Of the countless ‘genuine’ Christian artifacts hauled back to Europe throughout history, none are quite as popular as the cloth known as the Shroud of Turin. Believed to be the linen in which Christ’s body was wrapped at the time of his burial, it bears the image of a man who suffered death by crucifixion, but as a photo-negative image. This artistic feat, thought to be an impossibility to create by artistic means, at least in ancient and medieval times, is believed by many to have been divinely wrought. Regardless of its origin, it is one of only a handful of artifacts directly tied to the life of Christ which is publicly displayed at regular, if rare, intervals. Its home at the Cathedral of St. John the Baptist makes Turin one of the most popular Christian pilgrimage destinations in Italy outside of Rome.
Is the Shroud of Turin the actual burial cloth of Christ? Of all of the great Christian artifacts recovered over the years, including the Holy Grail, the Crown of Thorns, the True Cross, the Spear of Destiny, Vernoica’s Veil, etc., the Shroud of Turin may be the likeliest candidate. Nevertheless the evidence is sketchy. The first mention of the existence of such a cloth dates back to 6th century Edessa, where early Christians apparently brought it after fleeing from Jerusalem. This Image of Edessa was mentioned in early writings, including a description of the strange bodily imprint. Afterwards there is no mention of the cloth again until it appeared in Constantinople in 944, where it was sent for safekeeping following the Muslim conquest of the Holy Land. The cloth was described in a sermon of the period.
In 1205 AD the shroud was seized by knights of the Fourth Crusade. It was almost certainly brought back to France as booty. In 1357, it was publicly displayed in Troyes. It is possible that this was one and the same as the Image of Edessa, although there are no records officially connecting the two. Controversy surrounding the Shroud began almost immediately. Strangely, its legitimacy was at first energetically denounced by both the Church and the local bishop. However, the people of Troyes embraced their new artifact without reservation. It was soon being presented in other cities of the region to enthusiastic crowds. The Church was forced to change their official position on the Shroud, and soon various factions were fighting for control of the artifact and the right to permanently house it.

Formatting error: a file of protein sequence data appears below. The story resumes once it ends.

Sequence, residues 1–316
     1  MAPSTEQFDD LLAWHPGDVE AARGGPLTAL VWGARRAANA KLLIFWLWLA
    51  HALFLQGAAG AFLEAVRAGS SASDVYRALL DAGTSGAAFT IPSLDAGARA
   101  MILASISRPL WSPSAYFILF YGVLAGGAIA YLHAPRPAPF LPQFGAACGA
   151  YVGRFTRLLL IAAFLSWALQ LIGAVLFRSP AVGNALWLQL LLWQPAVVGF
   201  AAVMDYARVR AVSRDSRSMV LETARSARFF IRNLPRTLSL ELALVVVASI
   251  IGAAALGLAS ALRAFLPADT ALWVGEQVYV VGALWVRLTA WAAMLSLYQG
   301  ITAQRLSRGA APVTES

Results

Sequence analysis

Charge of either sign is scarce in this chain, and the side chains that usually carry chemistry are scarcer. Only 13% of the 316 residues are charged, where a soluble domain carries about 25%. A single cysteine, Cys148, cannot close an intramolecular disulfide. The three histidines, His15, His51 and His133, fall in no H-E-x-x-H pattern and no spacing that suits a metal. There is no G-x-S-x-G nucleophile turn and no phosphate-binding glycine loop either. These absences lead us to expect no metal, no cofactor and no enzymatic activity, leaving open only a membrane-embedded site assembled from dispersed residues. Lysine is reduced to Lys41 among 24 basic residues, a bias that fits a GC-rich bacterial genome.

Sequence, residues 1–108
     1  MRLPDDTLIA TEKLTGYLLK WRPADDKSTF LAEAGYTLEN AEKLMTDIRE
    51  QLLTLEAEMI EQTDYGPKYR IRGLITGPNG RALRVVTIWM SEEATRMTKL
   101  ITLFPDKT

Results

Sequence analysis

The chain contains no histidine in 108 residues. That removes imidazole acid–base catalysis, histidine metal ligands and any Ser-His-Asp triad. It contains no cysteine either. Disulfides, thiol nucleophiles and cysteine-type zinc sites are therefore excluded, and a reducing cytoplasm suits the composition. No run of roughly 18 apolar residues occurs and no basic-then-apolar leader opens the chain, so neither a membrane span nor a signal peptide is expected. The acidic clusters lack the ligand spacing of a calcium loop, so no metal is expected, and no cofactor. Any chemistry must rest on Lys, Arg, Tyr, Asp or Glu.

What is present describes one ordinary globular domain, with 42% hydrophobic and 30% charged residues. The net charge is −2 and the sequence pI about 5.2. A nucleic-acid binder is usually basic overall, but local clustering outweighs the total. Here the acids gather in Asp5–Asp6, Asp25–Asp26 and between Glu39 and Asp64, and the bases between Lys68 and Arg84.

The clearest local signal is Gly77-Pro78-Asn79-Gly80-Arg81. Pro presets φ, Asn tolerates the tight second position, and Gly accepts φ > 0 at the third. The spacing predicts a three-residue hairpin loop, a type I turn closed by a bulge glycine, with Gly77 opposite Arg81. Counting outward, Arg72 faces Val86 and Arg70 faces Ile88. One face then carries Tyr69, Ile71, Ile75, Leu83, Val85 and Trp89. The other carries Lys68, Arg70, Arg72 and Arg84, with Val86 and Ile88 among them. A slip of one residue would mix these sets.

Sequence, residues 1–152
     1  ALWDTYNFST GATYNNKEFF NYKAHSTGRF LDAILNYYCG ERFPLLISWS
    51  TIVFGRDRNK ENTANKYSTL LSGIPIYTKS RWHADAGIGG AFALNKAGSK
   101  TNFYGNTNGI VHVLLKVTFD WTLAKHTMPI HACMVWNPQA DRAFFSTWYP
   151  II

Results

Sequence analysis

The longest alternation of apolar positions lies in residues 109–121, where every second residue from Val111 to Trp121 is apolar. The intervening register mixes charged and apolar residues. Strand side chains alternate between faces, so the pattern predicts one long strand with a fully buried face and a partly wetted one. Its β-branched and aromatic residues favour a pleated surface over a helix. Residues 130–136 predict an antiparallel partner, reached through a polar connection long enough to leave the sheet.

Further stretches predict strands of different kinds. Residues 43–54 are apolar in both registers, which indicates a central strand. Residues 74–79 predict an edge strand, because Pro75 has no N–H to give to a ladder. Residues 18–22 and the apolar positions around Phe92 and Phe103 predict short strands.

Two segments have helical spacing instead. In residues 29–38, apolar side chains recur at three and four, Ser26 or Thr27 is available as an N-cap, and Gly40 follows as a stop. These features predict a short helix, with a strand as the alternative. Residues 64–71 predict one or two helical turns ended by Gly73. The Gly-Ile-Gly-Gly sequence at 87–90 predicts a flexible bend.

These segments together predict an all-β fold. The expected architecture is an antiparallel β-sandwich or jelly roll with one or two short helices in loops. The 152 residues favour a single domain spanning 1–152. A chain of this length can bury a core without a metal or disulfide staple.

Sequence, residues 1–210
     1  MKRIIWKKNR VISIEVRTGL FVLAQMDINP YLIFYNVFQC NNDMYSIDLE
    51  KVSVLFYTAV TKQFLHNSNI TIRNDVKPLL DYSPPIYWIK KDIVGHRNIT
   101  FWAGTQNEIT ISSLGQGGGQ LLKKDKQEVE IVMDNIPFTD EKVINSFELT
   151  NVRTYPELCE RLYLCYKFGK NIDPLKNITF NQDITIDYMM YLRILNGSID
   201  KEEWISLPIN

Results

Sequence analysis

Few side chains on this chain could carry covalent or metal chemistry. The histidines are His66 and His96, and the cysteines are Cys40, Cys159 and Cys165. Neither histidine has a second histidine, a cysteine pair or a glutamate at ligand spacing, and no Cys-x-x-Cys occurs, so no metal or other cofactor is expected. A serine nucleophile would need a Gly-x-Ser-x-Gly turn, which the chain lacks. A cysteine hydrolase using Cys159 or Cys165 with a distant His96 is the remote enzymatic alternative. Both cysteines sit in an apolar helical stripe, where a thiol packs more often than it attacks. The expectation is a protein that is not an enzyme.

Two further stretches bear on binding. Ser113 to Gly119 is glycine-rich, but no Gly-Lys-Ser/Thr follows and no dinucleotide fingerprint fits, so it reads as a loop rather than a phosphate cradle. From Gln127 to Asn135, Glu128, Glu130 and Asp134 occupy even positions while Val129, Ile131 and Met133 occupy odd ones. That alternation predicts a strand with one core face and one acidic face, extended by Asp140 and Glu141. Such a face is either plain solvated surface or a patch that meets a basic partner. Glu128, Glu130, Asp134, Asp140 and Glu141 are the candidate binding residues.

Ownership finally came to the House of Savoy, who gave it a permanent home in the Savoy capital of Turin in the 15th century. In 1532 AD the Shroud was damaged during a fire, including being permanently marked by molten silver which burned through it. A poor attempt to repair the Shroud left it further scarred with patches. After the cathedral was restored, the artifact was kept locked away, and only seen on infrequent occasions. It has been the property of the Papacy since the 1980s.
The authenticity of the Shroud of Turin is a subject of much debate. The strongest factor in favor is the artwork involved, which many believe was technically impossible before the modern age, suggesting that the image on the cloth is indeed of divine origin. The strongest factor against is scientific; carbon dating suggests that the cloth only dates back to the 13th century at the earliest. However, devotees assert that the sample may have mistakenly been taken from one of the patches added later. Today the Shroud is only displayed on rare occasions, at which times the cathedral swarms with the devout and the curious.
The Cathedral of St. John the Baptist in Turin is a relatively simple affair compared to many of Italy’s other major Cathedral’s. Much of the original building was damaged by fire in the 16th century and has been extensively restored since. The white brick edifice has a plain façade with three doors, and the whole is crowned by a small white dome. A square belltower stands to the right of the main entrance. A large expanded wing behind the main altar now houses the Shroud of Turin.
The controversial and rarely seen Shroud is one of the visually most famous artifacts of the Church. The depicted image appears to be a photo-negative. The facial features reflect traditional images of Jesus of Nazareth, with long flowing hair and prominent beard and mustache. Dark stains appear in the locations where Christ was wounded, including punctures from the Crown of Thorns, his spear wound and the nail-holes where he was crucified. Eight poorly attached patches mark where the Shroud was damaged during the fire.
Although the Shroud is only displayed periodically, the Cathedral of St. John the Baptist is open to visitors year round. The Cathedral of St. John the Baptist is close to the city palace of Turin, about a hundred and ten miles west of Milan. It is open daily from 7:00am-7:00pm (closed for lunch 12:30pm-3:00pm). Admission is free. The next public display of the Shroud is scheduled for 2010, and large crowds are expected as usual. Web: www.sindone.org (official website of the Shroud of Turin)
Turin’s religious sites revolve almost exclusively around the Cathedral of St. John the Baptist and the Shroud. However, just outside of the city is the Basilica of Superga, where many Italian rulers from Savoy and Sardinia are buried.